Soviet posters from the Moderna Museet collection

Soviet posters from the Moderna Museet collection. Photo: Åsa Lundén/Moderna Museet

100th Anniversary of the Russian Revolution

A conference and guided tours about the Russian Revolution and art

21.10 2017 – 24.10 2017


October 2017 marks the 100th anniversary of the Russian Revolution. Welcome to Moderna Museet and our collection of Russian avant-garde art. Join our guided tours and take part in the conference 100 Years of Russian Revolution in Art and Aesthetics, which is organised in association with Södertörn University.

The Russian Revolution has become a cultural symbol

In October one hundred years ago, the Russian Revolution took place. Its political, social and economic impact are still felt to this day. The Revolution has come to be a cultural symbol, and its utopian ideas in the field of art continue to inspire new interpretations.

Russian Avant-Garde in the Moderna Museet collection

There was an artistic avant-garde with links to the political Russian Revolution. The Russian avant-garde in the Moderna Museet collection is uniquely represented through a number of significant works. Artists currently featured include Alexandra Exter, Anna Kagan, Liubov Popova, Vladimir Tatlin and Alexander Rodchenko.

1917–2017: 100 Years of Russian Revolution in Art and Aesthetics

Welcome to a conference with lectures and discussions. The conference brings together international scholars and researchers in the fields of art history, cultural theory, media studies and aesthetics, to explore the relationships between art and politics. The theme of the conference is the Russian Revolution as a historic event, and how it inspires art with revolutionary ambitions today.

Date: Saturday 21 October 2017
Time: at 10–18
Place: the Auditorium, floor 2
Language: English
Price: admission free

Conference events take place at Södertörn University, Färgfabriken and Moderna Museet

The conference, which explores a few key concepts in visual arts, media, literature, aesthetics and film-making, will take place at Färgfabriken on 19 October, Södertörn University on 20 October, and Moderna Museet on 21 October. The keynote speaker at Södertörn University is Katerina Clark, while Christina Kiaer, professor of art history at Northwestern University, New Haven, USA, will present new perspectives on Soviet propaganda posters in her keynote speech on “Revolution Every Day” at Moderna Museet.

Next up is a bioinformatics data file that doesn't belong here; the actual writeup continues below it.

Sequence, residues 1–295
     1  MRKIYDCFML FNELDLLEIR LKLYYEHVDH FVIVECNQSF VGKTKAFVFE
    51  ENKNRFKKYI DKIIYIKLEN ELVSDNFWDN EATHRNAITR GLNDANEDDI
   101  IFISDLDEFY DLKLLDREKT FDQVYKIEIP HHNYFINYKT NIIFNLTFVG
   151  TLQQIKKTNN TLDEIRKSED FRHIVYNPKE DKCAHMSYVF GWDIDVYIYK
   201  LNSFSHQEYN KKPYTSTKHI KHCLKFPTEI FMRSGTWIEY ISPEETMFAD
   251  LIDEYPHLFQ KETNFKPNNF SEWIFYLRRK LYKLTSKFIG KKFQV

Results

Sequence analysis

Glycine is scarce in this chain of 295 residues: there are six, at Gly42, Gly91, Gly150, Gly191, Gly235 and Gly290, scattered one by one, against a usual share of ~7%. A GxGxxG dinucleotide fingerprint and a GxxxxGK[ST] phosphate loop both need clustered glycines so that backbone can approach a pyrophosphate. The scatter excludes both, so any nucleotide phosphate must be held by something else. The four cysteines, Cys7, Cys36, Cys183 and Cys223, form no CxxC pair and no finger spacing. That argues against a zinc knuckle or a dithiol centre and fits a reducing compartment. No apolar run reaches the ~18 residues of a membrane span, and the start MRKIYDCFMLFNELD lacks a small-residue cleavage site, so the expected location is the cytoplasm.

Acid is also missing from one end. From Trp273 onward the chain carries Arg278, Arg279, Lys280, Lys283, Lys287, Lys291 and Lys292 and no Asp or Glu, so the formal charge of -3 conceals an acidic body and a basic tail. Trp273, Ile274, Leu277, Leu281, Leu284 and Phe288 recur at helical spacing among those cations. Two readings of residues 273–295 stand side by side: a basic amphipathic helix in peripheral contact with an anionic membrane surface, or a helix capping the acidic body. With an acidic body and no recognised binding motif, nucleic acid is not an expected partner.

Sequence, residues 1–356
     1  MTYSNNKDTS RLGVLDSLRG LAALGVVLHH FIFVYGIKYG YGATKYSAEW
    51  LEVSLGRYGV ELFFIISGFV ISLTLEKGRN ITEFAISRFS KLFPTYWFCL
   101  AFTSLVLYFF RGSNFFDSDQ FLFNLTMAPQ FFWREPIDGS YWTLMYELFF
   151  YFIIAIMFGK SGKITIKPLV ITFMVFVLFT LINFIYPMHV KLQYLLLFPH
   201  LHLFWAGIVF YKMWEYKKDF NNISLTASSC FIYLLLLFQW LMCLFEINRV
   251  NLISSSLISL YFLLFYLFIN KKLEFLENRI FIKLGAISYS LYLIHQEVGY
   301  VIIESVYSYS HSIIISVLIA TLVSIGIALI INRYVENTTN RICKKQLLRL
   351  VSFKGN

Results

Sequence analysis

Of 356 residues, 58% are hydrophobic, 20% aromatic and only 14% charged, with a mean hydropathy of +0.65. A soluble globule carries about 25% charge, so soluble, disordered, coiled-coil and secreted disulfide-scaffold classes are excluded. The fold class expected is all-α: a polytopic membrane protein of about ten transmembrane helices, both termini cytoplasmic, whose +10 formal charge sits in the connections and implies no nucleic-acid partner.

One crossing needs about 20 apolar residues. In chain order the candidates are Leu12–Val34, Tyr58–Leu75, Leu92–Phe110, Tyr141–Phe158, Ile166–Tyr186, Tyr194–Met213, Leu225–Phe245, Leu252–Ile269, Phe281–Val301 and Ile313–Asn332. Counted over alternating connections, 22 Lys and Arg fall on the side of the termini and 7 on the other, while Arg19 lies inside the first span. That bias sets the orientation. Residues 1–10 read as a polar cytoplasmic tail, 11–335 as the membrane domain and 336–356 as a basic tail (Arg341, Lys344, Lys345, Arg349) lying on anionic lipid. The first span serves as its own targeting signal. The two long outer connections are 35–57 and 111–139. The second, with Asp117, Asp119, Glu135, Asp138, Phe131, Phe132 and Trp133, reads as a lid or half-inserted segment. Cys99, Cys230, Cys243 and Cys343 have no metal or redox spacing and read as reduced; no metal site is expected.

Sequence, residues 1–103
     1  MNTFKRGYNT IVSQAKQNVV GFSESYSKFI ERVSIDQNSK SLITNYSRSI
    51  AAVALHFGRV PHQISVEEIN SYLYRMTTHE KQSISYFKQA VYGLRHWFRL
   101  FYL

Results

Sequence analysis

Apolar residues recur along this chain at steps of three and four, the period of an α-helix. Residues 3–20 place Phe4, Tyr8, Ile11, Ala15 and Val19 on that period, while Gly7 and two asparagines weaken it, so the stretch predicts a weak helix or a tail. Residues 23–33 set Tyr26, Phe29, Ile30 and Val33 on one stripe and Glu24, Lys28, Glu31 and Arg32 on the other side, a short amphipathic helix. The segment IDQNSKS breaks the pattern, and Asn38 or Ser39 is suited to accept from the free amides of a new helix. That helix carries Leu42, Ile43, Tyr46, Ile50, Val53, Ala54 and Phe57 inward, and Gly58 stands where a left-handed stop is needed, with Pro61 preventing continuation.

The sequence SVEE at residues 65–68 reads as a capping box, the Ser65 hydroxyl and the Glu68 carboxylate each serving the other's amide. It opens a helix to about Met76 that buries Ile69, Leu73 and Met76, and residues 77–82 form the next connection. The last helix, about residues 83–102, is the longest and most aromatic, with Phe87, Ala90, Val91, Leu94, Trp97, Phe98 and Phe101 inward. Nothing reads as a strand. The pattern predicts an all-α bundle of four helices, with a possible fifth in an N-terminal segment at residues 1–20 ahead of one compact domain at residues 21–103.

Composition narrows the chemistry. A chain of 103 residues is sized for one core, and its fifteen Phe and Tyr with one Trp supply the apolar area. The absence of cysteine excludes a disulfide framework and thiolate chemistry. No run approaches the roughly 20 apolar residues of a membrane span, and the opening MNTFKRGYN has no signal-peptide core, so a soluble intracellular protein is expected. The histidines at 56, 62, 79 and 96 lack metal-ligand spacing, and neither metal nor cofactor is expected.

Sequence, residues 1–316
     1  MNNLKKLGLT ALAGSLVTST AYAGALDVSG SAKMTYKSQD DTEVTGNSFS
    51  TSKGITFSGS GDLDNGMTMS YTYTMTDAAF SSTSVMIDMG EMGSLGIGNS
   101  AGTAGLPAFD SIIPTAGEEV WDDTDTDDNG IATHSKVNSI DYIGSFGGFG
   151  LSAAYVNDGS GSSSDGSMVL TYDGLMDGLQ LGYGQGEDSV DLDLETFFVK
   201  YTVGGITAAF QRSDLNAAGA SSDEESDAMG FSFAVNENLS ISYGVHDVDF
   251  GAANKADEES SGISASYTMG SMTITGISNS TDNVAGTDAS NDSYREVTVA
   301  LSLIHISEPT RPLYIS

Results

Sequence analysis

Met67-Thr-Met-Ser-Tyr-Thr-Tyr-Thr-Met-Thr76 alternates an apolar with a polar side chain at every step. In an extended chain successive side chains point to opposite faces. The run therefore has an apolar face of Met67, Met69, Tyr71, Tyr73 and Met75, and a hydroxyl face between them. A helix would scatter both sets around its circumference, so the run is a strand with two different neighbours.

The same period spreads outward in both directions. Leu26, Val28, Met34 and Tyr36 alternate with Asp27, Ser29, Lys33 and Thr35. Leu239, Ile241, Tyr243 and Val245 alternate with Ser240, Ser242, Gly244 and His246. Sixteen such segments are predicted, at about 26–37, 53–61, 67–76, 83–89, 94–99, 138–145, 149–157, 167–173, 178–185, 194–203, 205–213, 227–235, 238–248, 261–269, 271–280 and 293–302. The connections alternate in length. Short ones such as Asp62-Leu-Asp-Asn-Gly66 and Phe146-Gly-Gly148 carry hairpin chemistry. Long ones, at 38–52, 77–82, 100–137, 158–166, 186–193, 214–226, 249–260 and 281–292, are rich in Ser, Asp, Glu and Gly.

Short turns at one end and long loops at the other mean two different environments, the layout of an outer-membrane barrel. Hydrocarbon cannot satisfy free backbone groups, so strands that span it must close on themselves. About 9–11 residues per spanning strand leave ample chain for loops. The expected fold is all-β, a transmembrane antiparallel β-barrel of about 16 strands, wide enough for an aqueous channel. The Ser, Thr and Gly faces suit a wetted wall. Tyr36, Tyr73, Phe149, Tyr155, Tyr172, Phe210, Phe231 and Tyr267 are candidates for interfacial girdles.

The conference is organised by Center for Baltic and East European Studies (CBEES) at Södertörn University, in association with Moderna Museet and Färgfabriken.

Guided tour
Women in the Russian Avant-Garde

Join our guided tour of works in the collection, and learn more about a relatively gender-equal modernist movement. Art historian Sara Callahan talks about the women in the Russian avant-garde.

Date: Saturday 21 October 2017
Time: at 16
Place: the Collection, floor 4
Language: Swedish
Price: admission free

Compared to other modernist movements, which were largely dominated by men, women in the Russian avant-garde had a strong position and were regarded as equals. Together with their male colleagues, they were dedicated to the needs of the revolutionary society, progressing from various styles of abstract painting to more functional applications for a proletarian art, reflecting urban and industrial life.

Guided tour
Ann-Sofi Noring, co-director of Moderna Museet, on Alexander Rodchenko

Hear Ann-Sofi Noring on one of the leading artists of the Russian avant-garde. Alexander Rodchenko took unconventional photographs, with bold, astonishing perspectives. This tour tells you more about him and a few of the other Russian avant-garde artists in the Moderna Museet collection.

Date: Tuesday 24 October 2017
Time: at 17.30
Place: the Collection, floor 4
Language: Swedish
Price: admission free
Tickets: Ticket is avaliable in the information desk the same day. Limited availability. No advance booking.

The Russian Revolution in 1917 was one of the most turbulent events of the 20th century. A decade before the Revolution, a modernist art movement began to emerge in Russia. Many artists embraced an aesthetic avant-garde that shared the revolutionary ideals. They wanted to break free from traditions and create a new art for the people. Initially, this visionary art was supported by the new regime, but later it was rejected and disappeared in the early 1930s.

One of the leading avant-garde artists was Alexander Rodchenko, who originally worked in various media but eventually devoted himself almost entirely to photography, which he considered to be the medium of the time, and used it to take unconventional pictures with bold, surprising perspectives. Today, Rodchenko is regarded as a pioneer of photography.

Contact: Karin Malmquist, Curator Learning